Sadly, there is nothing new or perhaps surprising to hear of the demise of another celebrity marriage. Yet there was a subtle difference to the sad news last week that Ben Affleck and Jennifer Garner were to divorce after 10 years of marriage.
Rather than rushing off to high profile divorce lawyers, to leave the other “quaking in their boots”, as many had done before, it is reported that the couple will work through their separation with a mediator.
“We go forward with a commitment to co-parenting our children, whose privacy we ask to be respected during this difficult time”
What a refreshing change from the infamous water throwing incident between Ms. Mills and Paul McCartney’s lawyer, during the course of what were evidently very acrimonious court proceedings. Instead this couple have chosen to work through and reach solutions for their family, with the assistance of a trained mediator.
So what is mediation and how is it different?
These are questions frequently asked by those coming to see me, who wish to explore all options available to them. Many are under the false impression that it is a form of counselling aimed at saving the relationship. Mediation works on the basis that a couple having already decided to take that difficult decision to separate; mediation offers people the opportunity to work through all the issues raised by this decision – whether it is how to tell the children; what future arrangements will be in place for them; how to resolve financial matters.
Mediation is entirely voluntary. Save for some limited exceptions, it is confidential. Where mediation is successful, it can be significantly cheaper and quicker than court proceedings. Perhaps more importantly, it can greatly improve communication, empowering people to have control of the future arrangements they wish to achieve, particularly where children are involved.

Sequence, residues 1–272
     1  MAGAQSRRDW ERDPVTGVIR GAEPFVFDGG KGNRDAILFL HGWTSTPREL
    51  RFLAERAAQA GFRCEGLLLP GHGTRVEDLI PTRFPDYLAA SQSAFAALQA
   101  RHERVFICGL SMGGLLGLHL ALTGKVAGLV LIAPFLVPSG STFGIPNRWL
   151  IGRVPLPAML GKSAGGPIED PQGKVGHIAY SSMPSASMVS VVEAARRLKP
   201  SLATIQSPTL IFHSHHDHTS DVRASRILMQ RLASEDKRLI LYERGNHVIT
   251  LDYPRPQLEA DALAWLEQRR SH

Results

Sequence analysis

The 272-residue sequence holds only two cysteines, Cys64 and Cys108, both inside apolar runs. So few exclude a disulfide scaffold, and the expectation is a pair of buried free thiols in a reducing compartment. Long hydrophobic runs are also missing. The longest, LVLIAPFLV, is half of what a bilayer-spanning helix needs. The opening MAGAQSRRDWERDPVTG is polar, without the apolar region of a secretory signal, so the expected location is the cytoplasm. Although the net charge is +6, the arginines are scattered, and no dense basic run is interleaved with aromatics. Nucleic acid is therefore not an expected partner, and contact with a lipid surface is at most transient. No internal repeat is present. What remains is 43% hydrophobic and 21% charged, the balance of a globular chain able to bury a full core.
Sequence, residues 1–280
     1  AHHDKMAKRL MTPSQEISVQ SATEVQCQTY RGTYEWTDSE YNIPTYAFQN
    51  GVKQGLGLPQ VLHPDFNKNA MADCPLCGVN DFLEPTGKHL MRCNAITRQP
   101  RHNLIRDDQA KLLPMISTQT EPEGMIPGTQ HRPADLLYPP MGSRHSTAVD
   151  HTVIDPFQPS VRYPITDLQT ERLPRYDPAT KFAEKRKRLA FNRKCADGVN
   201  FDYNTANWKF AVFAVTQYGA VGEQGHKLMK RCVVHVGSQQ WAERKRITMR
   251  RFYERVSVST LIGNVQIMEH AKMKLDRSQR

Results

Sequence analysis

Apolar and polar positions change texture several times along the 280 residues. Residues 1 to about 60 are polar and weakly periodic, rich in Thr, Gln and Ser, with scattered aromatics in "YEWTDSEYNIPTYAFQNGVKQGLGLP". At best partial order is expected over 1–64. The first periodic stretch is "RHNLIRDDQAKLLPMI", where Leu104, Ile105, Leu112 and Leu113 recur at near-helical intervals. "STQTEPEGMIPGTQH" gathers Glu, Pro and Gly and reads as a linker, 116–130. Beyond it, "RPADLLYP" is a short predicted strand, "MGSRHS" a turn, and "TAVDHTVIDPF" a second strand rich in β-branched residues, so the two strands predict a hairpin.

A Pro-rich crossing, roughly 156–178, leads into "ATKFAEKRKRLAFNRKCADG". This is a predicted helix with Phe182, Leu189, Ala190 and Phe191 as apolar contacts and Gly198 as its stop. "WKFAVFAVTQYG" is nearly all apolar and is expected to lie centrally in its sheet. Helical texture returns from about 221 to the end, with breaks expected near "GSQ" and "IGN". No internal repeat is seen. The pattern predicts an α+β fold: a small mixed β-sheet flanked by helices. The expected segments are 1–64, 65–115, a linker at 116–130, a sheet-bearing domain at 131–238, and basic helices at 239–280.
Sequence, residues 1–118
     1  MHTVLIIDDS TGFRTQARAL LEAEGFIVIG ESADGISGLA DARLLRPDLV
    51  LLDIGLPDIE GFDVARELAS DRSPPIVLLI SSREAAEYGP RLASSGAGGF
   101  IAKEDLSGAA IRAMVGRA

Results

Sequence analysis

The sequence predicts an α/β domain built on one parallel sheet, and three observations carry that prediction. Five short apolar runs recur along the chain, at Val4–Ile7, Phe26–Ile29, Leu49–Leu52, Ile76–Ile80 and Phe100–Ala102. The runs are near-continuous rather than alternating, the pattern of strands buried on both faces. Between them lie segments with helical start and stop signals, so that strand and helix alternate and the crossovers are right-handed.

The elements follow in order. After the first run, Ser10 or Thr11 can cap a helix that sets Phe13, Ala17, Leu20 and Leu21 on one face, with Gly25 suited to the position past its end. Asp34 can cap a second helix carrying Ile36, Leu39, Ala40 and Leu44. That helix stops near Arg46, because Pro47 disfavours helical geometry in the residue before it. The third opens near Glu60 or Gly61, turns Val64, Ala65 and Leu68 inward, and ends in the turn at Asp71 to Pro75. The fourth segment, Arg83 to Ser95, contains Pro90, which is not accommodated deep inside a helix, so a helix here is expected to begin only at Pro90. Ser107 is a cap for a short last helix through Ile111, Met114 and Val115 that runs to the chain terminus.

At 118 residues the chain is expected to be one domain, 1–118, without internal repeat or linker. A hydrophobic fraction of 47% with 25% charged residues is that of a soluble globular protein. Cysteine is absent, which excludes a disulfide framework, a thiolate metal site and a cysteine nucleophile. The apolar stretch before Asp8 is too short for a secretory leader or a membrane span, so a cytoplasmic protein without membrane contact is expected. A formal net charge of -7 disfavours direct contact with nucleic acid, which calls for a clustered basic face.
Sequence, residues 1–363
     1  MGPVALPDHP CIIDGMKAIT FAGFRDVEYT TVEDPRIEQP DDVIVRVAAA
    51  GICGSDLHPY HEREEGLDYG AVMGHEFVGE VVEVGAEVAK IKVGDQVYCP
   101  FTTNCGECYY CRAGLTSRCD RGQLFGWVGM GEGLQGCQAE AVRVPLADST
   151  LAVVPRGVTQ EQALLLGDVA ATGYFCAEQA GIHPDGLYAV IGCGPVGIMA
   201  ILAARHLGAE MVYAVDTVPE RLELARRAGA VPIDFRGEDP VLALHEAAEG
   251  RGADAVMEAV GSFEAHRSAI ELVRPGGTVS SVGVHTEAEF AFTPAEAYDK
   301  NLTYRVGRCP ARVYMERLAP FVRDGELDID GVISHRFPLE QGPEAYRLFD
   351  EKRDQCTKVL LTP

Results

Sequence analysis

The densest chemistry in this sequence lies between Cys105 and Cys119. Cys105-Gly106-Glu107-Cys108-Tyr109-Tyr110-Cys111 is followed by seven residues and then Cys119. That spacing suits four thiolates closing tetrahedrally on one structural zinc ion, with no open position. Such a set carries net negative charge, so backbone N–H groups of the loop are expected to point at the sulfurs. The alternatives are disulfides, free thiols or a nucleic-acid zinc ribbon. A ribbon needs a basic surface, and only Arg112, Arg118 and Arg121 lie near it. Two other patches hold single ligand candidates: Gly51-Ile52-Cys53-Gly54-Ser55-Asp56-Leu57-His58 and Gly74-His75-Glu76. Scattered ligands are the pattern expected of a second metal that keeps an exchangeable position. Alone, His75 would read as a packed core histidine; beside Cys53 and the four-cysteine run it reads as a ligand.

Separation is one of the most difficult and stressful events that people will endure. In years to come, the decisions taken then and their potential impact on life will be seen as the most important they will have ever taken.
This was the reason I decided to train as a mediator. I have practised as a family lawyer now for over 15 years and as an accredited mediator am qualified to undertake direct consultation with children. Mediation is just one of the valuable tools available to help people deal with separation and a successful outcome will be rewarding for all involved.
Personally, I wish Ben Affleck and Jennifer Garner all the best in working through the issues they face and for demonstrating that there are better options than the bitterness of court proceedings.
Karen is an accredited mediator and collaborative family solicitor.
If you’d like to know more, please get in touch on 01675 464 400 or firstname.lastname@example.org